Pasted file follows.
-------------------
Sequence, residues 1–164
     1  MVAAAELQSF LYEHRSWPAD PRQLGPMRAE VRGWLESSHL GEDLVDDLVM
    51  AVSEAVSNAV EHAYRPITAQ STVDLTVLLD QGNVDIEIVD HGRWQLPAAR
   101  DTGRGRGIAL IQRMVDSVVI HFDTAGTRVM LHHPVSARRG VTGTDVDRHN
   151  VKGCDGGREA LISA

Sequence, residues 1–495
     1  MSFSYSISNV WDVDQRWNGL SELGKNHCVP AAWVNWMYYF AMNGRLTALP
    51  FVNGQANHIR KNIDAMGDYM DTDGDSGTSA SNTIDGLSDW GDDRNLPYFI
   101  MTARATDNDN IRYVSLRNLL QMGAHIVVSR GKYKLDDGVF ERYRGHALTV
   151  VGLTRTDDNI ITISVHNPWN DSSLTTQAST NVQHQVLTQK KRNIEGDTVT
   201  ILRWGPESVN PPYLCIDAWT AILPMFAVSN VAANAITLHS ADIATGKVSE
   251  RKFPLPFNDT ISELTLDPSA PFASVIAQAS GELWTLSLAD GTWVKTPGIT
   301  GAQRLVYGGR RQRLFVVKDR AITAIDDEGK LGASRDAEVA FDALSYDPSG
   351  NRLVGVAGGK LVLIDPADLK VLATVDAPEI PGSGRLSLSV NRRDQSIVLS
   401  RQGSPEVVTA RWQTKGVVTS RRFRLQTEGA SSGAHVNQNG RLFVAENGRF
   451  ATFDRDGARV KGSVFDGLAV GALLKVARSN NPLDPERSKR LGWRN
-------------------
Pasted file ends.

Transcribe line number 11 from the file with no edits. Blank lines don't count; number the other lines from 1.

   201  ILRWGPESVN PPYLCIDAWT AILPMFAVSN VAANAITLHS ADIATGKVSE